Full steam ahead for IoT in PV

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Never before has the energy system been more complicated than it is today. With increasing numbers of distributed generation assets, grid operators are tasked with ensuring the stability of the system – and continuing to do so at a competitive cost.
Solar photovoltaics has experienced a major uplift buoyed by global uptake in residential and small C&I assets. Over the past two decades, the European power system has increasingly featured more distributed assets, which have yet to be optimized.

Through ingenuity and the development of synergies between sectors, energy system engineers from around the world have found a way to not only offset the strain that variable renewable energy assets can put onto the grid, but to also use them in building network resiliency – at a price point more attractive than conventional methods.

In markets with a high penetration of distributed assets, the question of how best to accommodate the use cases of these assets has come up. Intelligent software solutions have been brought to the market by a plethora of power electronics companies, utilities, and other new stakeholders in the energy business. Solutions such as virtual power plants (VPPs), smart grids, and microgrids provide compelling examples of resilient and cost-effective grid infrastructure.

To pull this trick off, inverter manufacturers have started leveraging proprietary Internet of Things (IoT) applications into their equipment. According to IHS Markit nearly 11 million solar inverters will be sold in 2019, presenting an enormous number of data points which could add significant value to infrastructure if used smartly. Connect, collect, compute, and create: This is the new model for the energy ecosystem. The days of relying solely on poles and wire are over.

While still in its infancy, the market has already made strong use cases for VPPs, microgrids, and smart grids. A high degree of expertise in digitalization of the energy system has become a critical aspect for each inverter manufacturer to survive in the years to come.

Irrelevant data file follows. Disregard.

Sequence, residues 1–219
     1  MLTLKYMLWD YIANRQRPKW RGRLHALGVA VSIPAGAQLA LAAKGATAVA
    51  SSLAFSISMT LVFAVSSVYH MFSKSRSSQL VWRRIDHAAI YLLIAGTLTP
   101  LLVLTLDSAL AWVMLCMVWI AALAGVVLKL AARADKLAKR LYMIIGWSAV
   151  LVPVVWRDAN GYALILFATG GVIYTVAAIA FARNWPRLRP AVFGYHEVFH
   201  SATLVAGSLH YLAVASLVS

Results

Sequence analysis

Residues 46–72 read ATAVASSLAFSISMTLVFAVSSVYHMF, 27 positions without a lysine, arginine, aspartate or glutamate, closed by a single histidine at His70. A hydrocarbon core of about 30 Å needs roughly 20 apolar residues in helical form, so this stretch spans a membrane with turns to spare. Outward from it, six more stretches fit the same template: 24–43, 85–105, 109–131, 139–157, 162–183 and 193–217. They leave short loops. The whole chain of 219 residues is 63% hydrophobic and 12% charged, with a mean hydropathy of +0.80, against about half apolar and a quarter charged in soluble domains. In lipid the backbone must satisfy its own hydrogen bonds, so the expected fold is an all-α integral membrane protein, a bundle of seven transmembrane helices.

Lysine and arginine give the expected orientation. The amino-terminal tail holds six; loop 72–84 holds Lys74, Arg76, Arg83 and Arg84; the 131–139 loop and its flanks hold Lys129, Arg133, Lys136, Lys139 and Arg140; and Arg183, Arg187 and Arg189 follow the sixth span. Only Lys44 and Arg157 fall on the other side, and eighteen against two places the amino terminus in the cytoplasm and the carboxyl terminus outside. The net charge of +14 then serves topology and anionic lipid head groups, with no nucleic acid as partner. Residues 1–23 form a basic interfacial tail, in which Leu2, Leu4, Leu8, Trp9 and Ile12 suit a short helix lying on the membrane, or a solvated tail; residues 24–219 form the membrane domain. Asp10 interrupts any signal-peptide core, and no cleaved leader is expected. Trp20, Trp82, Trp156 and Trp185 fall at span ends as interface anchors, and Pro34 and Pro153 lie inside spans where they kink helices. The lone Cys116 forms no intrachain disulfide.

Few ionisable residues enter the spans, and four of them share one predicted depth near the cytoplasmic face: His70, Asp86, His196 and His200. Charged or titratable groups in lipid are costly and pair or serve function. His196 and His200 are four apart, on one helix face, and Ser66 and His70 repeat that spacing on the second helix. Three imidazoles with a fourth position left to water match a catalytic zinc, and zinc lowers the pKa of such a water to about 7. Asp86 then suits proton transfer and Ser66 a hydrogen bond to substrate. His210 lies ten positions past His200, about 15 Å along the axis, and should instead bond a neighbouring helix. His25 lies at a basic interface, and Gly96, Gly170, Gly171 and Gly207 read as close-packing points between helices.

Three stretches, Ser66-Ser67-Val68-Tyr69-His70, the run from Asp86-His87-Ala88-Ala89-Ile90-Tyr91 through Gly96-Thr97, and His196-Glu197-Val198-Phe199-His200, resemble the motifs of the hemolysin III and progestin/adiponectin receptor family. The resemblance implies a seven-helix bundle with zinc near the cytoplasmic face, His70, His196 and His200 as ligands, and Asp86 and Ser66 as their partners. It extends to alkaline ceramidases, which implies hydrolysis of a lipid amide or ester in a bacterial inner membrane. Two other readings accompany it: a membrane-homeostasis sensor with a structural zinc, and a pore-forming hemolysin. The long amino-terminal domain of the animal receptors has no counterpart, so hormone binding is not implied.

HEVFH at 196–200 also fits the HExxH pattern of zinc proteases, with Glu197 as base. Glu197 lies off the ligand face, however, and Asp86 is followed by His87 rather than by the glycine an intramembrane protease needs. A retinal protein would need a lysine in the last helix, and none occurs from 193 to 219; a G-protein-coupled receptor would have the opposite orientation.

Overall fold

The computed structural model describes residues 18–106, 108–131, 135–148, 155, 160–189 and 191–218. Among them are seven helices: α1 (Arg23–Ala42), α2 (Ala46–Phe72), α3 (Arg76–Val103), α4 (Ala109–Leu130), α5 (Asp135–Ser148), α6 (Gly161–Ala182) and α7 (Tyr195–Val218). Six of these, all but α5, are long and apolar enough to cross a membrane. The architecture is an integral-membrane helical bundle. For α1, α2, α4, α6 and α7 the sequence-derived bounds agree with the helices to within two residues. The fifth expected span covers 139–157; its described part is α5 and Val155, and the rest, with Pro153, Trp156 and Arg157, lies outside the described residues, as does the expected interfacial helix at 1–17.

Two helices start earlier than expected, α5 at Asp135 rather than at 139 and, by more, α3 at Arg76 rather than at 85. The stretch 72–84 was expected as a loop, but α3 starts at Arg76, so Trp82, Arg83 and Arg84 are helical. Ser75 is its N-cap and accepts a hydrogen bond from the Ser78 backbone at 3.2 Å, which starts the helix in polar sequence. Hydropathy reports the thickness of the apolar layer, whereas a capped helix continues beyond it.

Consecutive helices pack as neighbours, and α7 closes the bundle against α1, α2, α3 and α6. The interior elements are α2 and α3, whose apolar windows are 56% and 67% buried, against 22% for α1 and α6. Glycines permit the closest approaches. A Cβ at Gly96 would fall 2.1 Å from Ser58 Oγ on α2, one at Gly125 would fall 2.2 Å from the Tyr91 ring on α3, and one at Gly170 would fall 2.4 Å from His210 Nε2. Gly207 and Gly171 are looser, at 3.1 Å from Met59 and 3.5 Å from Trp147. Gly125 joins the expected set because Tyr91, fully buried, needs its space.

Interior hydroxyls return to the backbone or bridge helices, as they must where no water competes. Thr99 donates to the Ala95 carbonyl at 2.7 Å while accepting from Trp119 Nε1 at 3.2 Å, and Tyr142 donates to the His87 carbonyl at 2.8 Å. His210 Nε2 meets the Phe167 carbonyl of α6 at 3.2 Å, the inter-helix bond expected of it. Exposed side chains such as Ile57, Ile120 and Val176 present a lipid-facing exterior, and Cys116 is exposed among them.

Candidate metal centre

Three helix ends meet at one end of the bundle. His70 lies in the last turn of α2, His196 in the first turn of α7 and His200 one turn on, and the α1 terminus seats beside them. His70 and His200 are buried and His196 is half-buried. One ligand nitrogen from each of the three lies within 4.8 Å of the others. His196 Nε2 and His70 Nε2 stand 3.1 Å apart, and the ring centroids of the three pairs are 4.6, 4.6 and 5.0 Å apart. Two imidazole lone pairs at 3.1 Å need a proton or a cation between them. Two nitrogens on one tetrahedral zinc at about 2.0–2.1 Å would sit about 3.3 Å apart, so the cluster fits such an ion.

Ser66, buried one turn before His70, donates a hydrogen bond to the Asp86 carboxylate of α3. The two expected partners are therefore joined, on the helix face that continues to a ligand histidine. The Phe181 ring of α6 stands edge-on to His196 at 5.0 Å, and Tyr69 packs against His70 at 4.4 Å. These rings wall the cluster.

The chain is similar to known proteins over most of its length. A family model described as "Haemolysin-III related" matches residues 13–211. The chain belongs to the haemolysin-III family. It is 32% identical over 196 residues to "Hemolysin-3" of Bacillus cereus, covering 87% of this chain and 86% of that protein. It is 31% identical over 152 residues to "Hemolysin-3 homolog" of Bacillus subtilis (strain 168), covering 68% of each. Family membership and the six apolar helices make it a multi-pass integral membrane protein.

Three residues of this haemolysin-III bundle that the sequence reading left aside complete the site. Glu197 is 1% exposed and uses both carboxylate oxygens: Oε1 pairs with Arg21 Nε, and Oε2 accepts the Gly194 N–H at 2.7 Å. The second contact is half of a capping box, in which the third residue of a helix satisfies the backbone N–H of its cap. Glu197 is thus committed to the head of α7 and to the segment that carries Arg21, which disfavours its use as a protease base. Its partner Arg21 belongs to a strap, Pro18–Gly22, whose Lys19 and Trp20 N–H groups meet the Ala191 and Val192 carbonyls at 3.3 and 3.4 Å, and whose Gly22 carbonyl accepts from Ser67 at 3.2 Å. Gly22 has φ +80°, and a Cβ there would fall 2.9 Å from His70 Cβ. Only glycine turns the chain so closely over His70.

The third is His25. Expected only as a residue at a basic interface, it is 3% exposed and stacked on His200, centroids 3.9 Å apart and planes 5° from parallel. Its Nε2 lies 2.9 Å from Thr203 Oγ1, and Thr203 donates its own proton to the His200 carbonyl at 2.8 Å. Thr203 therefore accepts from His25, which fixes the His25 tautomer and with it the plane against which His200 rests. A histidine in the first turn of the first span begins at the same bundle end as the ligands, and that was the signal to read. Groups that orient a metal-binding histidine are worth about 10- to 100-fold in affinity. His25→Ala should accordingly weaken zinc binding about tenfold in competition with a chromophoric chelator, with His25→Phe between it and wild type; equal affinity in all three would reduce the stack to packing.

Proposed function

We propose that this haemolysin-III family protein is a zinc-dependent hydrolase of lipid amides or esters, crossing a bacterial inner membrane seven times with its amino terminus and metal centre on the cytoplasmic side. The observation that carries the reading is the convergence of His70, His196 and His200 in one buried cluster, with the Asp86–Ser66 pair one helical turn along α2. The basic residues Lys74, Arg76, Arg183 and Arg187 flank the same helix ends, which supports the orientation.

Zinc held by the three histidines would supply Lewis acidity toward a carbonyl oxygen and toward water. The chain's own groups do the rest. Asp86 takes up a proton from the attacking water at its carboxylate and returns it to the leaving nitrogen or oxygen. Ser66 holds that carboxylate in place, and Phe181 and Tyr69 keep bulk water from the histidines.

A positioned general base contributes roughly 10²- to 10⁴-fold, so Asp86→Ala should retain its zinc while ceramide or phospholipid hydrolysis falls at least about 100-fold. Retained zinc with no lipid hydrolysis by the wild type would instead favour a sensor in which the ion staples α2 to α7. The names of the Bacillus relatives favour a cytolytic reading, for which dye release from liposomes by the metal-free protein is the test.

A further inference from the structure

Microgrids versus blackouts
One example for such new business cases is Finland. After a series of blackout events in 2011 and 2012, Finnish policymakers reacted by setting a price on power outages. Since 2013, distribution system operators (DSOs) have been obliged to compensate customers for grid downtime, staggered into six incremental increases depending on duration. For example, a single event outage of 12-24 hours will incur a 10% reduction on annual delivery fees. Outages of 120-192 hours provide a 100% discount, whereas outages of more than 288 hours will result in a 200% compensation. With this market mechanism in place, for many DSOs, it was simple to determine the cheapest option to address the issue: microgrids. Research performed by Lappeenranta University of Technology (LUT) found the lowest cost option for 10‒40% of medium voltage branch lines to be low-voltage DC microgrids, according to Navigant’s Peter Asmus.
Microgrid deployment will allow for interferences or damages to one part of the grid, such as snow on the power lines, without impact to other parts of the grid further down the line. Smartly managed distributed generation assets in each town and village can maintain base load power, even when power lines in a nearby village have collapsed.